Publications

San Francisco Hazard Screening List

The SF Environment website provides links to the SF Pesticide Hazard Screening List, the SF Pesticide Hazard Screening Protocol, and the SF Reduced-Risk Pesticide List. Products listed on the Screening List are considered least toxic for LEED purposes. If your product does not show up on the Screening List, use the Screening Protocol to evaluate your product further and confirm it meets Tier 3 requirements. Any product that is not least-toxic requires universal notificationUniversal notification means notifying building occupants not less than 72 hours before a pesticide is applied in a building or on surrounding grounds under normal conditions, and within 24 hours after application of a pesticide in emergency conditions. Use of a least toxic pesticide or self-contained nonrodent bait does not require universal notification; all other pesticide applications do. prior to application.


Organic Materials Review Institute’s (OMRI) list of crop products for 2009

This is a comprehensive list of natural and organic alternatives to conventional fertilizers.


Landscaping and Your Regional Climate, US Department of Energy

A guide to energy saving landscaping strategies.


Composting, US Environmental Protection Agency

Provides basic guidelines for composting as well as information about regional and state composting programs, the environmental benefits of composting, composting regulations, the science of composting, related publications and frequently asked questions.

Web Tools

The Lady Bird Johnson Wildflower Center, The University of Texas at Austin: Native Plant Database

This is a comprehensive tool that among many other things, provides a database of over 7,000 North American native plants.


United States Department of Agriculture, Natural Resources Conservation Service: Plants Database

Provides information about the vascular plants, mosses, liverworts, hornworts, and lichens of the U.S. and its territories.

LEED Gold Project Documentation

Complete LEED Online documentation for achievement of SSc3 on a certified Gold LEED-EBOMEBOM is an acronym for Existing Buildings: Operations & Maintenance, one of the LEED 2009 rating sytems. 2009 project in Denver, Colorado.

Integrated Pest Management Plan

Your IPM plan demonstrates the specific environmental best management practices that are implemented at the project building on an ongoing basis. This template provides a structure for an Integrated Pest ManagementIntegrated pest management (IPM) is the coordinated use of knowledge about pests, the environment, and pest prevention and control methods to minimize pest infestation and damage by the most economical means while minimizing hazards to people, property, and the environment. (IPM) plan compliant with LEED requirements. When properly completed, this document can be submitted as evidence of compliance with IEQc3.6 and contribute to compliance with SSc3.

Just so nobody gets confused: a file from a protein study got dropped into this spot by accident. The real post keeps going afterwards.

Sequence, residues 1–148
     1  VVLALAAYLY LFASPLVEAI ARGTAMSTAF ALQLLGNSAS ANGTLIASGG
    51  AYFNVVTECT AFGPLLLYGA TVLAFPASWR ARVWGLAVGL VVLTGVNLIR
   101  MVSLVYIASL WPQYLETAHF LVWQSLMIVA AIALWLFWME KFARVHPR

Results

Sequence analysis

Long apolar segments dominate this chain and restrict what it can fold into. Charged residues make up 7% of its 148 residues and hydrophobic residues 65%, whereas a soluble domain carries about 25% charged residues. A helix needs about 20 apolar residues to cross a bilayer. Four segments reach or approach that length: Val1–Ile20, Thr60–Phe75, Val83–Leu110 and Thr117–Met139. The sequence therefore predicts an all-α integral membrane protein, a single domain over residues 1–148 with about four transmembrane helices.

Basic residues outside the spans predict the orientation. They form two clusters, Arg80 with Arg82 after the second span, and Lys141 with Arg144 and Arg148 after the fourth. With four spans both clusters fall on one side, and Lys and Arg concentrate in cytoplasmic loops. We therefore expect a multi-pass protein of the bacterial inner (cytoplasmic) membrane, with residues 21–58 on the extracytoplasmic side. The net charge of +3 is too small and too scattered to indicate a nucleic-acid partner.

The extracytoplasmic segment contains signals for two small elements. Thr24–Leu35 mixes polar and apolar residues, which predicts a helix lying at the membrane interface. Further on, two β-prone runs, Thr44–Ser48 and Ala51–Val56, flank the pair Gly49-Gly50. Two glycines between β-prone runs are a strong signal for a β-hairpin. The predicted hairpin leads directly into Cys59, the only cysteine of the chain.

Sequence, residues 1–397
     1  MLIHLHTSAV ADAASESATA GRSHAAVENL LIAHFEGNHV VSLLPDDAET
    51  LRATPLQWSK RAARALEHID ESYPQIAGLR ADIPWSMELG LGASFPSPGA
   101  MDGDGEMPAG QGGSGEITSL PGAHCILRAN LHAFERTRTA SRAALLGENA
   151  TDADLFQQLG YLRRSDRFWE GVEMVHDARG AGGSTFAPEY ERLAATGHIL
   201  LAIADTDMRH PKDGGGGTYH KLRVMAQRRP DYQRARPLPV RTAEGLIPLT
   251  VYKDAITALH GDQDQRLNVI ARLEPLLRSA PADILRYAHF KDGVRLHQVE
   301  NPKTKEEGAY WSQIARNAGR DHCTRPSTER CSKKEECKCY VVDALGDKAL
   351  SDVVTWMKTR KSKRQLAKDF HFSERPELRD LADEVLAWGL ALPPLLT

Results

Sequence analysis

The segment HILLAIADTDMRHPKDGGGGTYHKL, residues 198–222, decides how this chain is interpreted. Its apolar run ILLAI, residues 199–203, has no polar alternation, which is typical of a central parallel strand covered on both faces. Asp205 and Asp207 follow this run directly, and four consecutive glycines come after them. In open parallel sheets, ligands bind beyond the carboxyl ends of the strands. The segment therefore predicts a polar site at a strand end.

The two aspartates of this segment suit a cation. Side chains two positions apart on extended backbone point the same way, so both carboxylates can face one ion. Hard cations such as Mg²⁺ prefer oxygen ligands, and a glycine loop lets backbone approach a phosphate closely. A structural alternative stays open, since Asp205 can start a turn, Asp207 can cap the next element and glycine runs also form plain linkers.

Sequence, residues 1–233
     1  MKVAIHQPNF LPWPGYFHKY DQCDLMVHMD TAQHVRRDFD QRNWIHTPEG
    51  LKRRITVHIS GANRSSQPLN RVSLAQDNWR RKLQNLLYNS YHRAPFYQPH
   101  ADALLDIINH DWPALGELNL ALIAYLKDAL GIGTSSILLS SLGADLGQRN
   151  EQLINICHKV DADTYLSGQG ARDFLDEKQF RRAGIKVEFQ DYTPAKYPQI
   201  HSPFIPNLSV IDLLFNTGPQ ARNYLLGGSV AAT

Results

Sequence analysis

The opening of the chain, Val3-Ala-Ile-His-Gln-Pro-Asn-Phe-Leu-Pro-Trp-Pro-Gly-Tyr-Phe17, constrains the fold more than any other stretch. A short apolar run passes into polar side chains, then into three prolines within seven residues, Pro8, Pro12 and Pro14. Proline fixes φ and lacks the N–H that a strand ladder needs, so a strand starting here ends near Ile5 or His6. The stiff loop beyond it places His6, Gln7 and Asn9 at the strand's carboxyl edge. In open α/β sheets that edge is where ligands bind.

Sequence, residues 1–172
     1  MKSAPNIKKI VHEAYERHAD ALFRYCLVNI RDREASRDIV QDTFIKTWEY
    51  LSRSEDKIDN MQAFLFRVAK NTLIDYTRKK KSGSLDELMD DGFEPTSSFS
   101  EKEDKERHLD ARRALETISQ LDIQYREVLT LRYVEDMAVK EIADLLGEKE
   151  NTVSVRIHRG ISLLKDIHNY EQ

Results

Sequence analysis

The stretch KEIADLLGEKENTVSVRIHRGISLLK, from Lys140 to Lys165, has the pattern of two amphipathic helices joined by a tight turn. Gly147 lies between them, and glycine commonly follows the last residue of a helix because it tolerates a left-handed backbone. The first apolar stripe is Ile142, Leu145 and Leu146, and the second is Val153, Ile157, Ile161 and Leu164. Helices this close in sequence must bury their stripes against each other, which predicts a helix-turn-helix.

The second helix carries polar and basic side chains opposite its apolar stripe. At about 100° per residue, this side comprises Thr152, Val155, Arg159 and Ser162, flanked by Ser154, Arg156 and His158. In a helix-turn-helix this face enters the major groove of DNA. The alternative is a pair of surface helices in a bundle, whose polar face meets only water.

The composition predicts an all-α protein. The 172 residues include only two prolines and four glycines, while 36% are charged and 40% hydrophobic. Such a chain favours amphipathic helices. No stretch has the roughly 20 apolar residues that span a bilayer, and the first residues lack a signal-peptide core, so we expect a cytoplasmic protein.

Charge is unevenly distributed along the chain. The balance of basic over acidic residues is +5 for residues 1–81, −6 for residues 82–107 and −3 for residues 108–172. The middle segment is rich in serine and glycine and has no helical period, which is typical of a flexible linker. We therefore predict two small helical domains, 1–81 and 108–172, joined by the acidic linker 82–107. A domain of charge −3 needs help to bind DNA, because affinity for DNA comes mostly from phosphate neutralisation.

Pesticide Application Log

This template provides an example of a pesticide log for documenting pesticide applications, when they are necessary.

IPM, Erosion Control, and Landscape Management Plan

This template provides a structure for developing an Integrated Pest ManagementIntegrated pest management (IPM) is the coordinated use of knowledge about pests, the environment, and pest prevention and control methods to minimize pest infestation and damage by the most economical means while minimizing hazards to people, property, and the environment. (IPM), Erosion Control, and Landscape Management Plan compliant with LEED. When properly completed, this document can be submitted as evidence of compliance with SSc3.

IPM Best Practices

If you're looking to better understand how your practices compare with IPM best practices, this chart compares common standard practices with best practices—plus "optimal practices," for good measure.

Universal Notification

Use flyers like this example to provide universal notificationUniversal notification means notifying building occupants not less than 72 hours before a pesticide is applied in a building or on surrounding grounds under normal conditions, and within 24 hours after application of a pesticide in emergency conditions. Use of a least toxic pesticide or self-contained nonrodent bait does not require universal notification; all other pesticide applications do. of pesticide application, as required by these credits.

Sample LEED Online Form

This SSc3 LEED Online form with annotations demonstrates how to document this credit.

LEED-EBOM Policy, Program and Plan Models

Your LEED-EBOMEBOM is an acronym for Existing Buildings: Operations & Maintenance, one of the LEED 2009 rating sytems. plans must include all required elements of the Program & Plan Model, which is described in this USGBC document.

LEED Online Forms: EBOM-2009 SS

The following links take you to the public, informational versions of the dynamic LEED Online forms for each EBOMEBOM is an acronym for Existing Buildings: Operations & Maintenance, one of the LEED 2009 rating sytems.-2009 SS credit. You'll need to fill out the live versions of these forms on LEED Online for each credit you hope to earn.

Version 4 forms (newest):

Version 3 forms:

These links are posted by LEEDuser with USGBC's permission. For more information, visit LEED Online and click "Sample Forms Download."

71 Comments

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Mary Rose Anlacan